Tune in for the beautiful rolling shots of LA, sprawling out from the Hollywood hills in UHD resolution, and you’ll soon be hooked by the clever murder mystery plot.
Season one starts out pretty bleak, and season two only dives deeper into LA’s gritty underground, but the fantastic cinematography makes it all worth it.
Ben Affleck (and his fine beard) won the Best Picture Oscar in 2012 for Argo. The story revolves around the evacuation plan of a group of Americans in Tehran after Iranian activists storm the US embassy and take them hostage. Six manage to sneak out and take refuge in the Canadian ambassador’s house, but getting them out of the country is a different matter entirely…
Like a mountain-based Gravity, Everest is a disaster movie that's built for big screens and thundering sound systems. Not that it’s just frivolous eye candy – this is a sober, hyper-realistic account of the 1996 Everest disaster with some moving performances, most notably from Emily Watson as the team's base camp manager.
Crank up the surround sound and you'll be staggering through a 'Death Zone' blizzard with the film's motley climbing crew, who paid for the chance to summit during the mountain's commercial peak in the mid-90s. And while there are other great performances from Jake Gyllenhaal and Jason Clarke, the real star is the incredible cinematography, with much of the film shot at 10,000 feet in Italy for the full, face-freezing effect.
The Godfather (Parts 1 & 2)
Sky, much like the rest of us, has wisely pretended that The Godfather Part III never happened, but you’ll still need to set aside the best part of half a day to witness the rise and rise of Michael Corleone.
You probably don’t need us to tell you that Francis Ford Coppola’s mafia movies are generally considered ‘quite good’ but we can confirm that their Ultra HD makeover is worth a look. At first, in Don Vito’s gloomy quarters, it might not seem so but the more vibrant outdoor scenes almost look like they were shot yesterday. Obviously neither film looks quite as shiny as something slathered in CGI but when the stories and acting are this good, it’s a 4K offer you simply can’t refuse.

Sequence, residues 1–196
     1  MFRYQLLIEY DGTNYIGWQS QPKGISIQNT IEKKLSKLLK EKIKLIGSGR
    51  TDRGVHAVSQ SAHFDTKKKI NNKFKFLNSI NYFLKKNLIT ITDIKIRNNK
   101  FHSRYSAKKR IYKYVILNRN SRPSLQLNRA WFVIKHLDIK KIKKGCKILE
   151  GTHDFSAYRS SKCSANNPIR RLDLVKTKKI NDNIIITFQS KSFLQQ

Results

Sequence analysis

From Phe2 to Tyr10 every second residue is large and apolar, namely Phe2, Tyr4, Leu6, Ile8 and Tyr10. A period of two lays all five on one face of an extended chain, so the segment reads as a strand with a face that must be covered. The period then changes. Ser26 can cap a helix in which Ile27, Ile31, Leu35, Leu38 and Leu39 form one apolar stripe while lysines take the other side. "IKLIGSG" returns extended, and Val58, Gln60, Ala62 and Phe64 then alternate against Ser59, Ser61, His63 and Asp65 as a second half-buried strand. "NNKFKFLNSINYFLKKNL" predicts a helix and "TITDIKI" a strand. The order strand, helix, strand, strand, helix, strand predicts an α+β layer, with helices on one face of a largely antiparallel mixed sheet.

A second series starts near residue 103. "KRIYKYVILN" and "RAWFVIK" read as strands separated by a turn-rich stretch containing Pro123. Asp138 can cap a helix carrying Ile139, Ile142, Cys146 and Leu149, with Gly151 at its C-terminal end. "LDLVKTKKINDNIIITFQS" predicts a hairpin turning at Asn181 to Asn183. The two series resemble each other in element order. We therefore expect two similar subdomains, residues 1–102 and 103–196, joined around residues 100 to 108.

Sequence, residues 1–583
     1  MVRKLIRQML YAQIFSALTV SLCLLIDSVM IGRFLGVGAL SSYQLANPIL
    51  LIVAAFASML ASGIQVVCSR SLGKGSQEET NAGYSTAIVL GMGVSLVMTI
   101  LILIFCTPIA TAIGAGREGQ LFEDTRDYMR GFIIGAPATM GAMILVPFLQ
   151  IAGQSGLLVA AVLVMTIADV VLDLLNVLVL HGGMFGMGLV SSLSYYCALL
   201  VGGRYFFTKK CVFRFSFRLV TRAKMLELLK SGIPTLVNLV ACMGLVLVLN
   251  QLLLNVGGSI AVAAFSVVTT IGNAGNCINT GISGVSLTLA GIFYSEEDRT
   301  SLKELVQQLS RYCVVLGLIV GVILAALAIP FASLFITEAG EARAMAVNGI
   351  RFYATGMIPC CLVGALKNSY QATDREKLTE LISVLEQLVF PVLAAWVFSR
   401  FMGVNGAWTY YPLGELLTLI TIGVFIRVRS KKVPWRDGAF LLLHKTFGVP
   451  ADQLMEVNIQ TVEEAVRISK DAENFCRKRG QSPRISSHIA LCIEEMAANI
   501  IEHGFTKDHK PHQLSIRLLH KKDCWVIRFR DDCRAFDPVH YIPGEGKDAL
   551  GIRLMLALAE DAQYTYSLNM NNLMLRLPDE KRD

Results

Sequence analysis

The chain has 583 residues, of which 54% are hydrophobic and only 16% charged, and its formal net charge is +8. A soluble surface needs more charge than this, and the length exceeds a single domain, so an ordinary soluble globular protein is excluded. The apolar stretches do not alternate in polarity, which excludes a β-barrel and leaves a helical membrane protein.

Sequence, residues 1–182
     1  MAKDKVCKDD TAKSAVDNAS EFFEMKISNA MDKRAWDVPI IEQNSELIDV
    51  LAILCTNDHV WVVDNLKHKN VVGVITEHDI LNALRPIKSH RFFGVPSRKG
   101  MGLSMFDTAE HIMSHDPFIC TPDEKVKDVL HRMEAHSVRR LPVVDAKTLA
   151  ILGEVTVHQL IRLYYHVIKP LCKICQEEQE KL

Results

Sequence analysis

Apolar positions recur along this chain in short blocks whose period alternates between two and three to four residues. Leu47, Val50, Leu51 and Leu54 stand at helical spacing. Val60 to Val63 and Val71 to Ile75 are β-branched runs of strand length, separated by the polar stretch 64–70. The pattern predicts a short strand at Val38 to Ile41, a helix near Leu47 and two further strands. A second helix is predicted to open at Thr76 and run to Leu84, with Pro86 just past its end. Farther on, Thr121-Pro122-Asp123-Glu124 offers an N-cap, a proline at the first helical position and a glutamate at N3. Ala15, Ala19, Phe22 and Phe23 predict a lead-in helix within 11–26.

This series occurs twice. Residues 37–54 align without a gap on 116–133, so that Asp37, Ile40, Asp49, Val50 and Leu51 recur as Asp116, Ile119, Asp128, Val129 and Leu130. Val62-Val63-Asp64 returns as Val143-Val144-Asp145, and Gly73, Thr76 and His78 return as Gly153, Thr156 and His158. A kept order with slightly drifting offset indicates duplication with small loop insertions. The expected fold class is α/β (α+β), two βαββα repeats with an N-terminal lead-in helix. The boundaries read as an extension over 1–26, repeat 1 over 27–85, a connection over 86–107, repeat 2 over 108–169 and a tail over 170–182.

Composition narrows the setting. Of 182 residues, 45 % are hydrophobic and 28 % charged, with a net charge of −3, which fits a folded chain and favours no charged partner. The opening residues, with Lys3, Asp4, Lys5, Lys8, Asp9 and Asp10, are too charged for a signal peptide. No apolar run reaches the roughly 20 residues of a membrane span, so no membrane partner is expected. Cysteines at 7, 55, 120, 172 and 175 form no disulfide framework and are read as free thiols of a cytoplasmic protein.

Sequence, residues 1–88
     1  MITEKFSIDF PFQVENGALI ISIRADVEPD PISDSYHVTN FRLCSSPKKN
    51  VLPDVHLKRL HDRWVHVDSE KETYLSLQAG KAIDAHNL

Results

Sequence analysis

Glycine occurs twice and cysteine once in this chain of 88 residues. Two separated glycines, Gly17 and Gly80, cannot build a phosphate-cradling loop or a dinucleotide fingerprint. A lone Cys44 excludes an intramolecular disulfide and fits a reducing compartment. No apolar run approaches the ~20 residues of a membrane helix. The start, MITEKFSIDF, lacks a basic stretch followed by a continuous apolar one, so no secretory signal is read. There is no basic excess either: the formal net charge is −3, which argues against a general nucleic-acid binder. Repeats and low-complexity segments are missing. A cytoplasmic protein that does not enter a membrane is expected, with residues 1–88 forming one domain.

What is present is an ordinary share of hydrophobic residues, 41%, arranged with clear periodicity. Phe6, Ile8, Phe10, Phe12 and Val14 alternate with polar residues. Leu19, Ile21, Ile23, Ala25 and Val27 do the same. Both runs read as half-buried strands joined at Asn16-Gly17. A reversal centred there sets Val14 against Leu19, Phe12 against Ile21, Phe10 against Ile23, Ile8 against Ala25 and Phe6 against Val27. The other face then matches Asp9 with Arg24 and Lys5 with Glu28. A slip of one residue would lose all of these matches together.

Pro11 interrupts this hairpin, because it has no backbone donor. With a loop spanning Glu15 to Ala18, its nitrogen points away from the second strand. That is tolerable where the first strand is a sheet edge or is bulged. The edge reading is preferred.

Crouching Tiger, Hidden Dragon
Crouching Tiger’s balletic brawls began a trend for super-stylised martial arts films that also gave us the beautifully shot Hero (any chance of adding that to your 4K arsenal, Sky?) but Ang Lee’s Oscar winner is a treat for the eyes in more ways than one.
The fighting is choreographed by the same chap who worked on The Matrix, although the bad outfits and cod philosophy are replaced by stunning scenery and breathtakingly graceful dust-ups, which often defy gravity over roofs and treetops. The story’s not much to write home about but you’ll be too busy gawping at the spectacle to care.
Mission: Impossible - Rogue Nation
The Mission: Impossible series has always languished in the shade of the Daniel Craig-era Bond films. It’s fair to say that at times it’s deserved to play the part of runner-up (let’s just pretend M:I2 never happened, yeah? I’m sure John Woo would appreciate that), but here’s the thing - in the 2015 battle of the spy movies, the motorbike chases, topless kung-fu fights and leggy snipers of Rogue Nation were eminently more enjoyable to watch than the portentous, pompous and ultimately anticlimactic Spectre.
All of that action looks amazing in 4K, as you’d probably expect, and despite his well-documented off-screen weirdness you can’t help but love Tom Cruise as Ethan Hunt.
Planet Earth II